Because of the persistent flooding of the Tennessee River, and the expanse of water-logged terrain in vicinity of Union-controlled Fort Henry, that position was deemed unsuitable for loading significant numbers of troops. So, when the time arrived for the thousands of Federal troops camped in vicinity of Union-held Fort Donelson to "march to the Tennessee River and board steamers for the Expedition" (ultimately destined for Pittsburg Landing), those troops were not marched to Fort Henry; instead, they took the Ridge Road until three miles west of the Furnace, turned left, and continued southwest to Metal Landing (a point on the Tennessee River about three miles south of Fort Henry.) The first Federal troops to reach Metal Landing belonged to Brigadier General McClernand, arrived about March 4th. As steamers arrived, they were loaded, then joined the convoy led by Brigadier General Sherman's new division (dispatched from Paducah, and protected by a timberclad gunboat.) To expedite loading of soldiers at Metal Landing, Colonel Jacob Lauman was sent on detached duty from the Second Division, to act as Transport Organizer (Lauman was in place by March 10th.) And on March 13th, with the Federal troops mostly departed, Metal Landing was deemed suitable for holding Army livestock: pens were ordered constructed that could hold 1000 head of cattle. Metal Landing remained in use through the build-up of forces at Pittsburg Landing.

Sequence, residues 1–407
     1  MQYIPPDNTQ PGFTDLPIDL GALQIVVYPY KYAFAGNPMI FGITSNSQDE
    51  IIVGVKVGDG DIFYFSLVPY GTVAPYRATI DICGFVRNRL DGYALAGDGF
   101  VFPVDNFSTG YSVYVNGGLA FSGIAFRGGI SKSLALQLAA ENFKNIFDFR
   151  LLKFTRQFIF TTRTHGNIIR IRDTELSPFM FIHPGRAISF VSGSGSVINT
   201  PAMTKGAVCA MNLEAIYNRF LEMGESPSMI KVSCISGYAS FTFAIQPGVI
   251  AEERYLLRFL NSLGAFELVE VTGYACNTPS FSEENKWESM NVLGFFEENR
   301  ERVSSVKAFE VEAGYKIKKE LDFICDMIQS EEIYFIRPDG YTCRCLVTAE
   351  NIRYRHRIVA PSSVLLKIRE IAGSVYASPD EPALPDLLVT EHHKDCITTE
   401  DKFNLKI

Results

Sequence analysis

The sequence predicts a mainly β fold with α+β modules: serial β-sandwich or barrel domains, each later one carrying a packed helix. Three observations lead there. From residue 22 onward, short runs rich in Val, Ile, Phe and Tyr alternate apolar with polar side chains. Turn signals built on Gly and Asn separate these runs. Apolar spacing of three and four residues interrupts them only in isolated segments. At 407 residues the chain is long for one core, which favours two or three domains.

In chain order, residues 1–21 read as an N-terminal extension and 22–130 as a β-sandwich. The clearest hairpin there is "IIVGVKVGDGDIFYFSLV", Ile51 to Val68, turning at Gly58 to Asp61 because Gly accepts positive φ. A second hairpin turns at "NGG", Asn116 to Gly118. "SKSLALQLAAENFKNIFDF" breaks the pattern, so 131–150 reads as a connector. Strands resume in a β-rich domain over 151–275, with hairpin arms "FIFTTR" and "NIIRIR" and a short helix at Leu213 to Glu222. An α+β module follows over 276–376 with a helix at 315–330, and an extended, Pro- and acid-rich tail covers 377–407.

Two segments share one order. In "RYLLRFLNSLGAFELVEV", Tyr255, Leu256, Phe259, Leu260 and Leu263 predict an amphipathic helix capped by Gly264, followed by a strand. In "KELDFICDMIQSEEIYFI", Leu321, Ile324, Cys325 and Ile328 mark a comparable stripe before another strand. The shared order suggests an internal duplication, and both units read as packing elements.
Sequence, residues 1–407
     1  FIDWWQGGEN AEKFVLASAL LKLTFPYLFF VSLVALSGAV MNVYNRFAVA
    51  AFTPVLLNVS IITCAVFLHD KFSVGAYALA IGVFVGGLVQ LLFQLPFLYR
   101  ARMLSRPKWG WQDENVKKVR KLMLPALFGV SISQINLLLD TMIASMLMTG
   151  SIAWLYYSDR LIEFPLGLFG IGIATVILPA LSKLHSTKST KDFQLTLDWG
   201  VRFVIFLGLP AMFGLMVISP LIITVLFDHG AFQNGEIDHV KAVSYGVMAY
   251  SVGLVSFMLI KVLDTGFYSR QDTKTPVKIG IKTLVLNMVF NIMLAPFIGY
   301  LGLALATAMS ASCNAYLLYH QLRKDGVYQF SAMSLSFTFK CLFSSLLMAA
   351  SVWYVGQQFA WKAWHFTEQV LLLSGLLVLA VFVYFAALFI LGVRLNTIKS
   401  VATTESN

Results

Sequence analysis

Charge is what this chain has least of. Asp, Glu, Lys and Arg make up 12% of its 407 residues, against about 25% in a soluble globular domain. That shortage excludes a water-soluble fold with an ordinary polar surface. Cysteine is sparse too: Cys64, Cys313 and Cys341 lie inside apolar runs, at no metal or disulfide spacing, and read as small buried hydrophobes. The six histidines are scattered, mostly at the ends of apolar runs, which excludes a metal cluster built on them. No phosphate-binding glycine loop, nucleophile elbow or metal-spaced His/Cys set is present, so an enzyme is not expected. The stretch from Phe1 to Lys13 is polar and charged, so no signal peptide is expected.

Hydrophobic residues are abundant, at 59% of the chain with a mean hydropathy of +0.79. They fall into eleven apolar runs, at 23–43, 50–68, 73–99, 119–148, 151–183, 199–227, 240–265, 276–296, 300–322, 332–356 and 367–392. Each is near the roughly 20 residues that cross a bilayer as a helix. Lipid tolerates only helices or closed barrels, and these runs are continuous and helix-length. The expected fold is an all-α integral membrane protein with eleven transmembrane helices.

References: Papers of US Grant volume 4, pages 312, 322, 323, 342, 351 and 356.
[Map showing Metal Landing south of Fort Henry, from Papers of US Grant, volume 4.]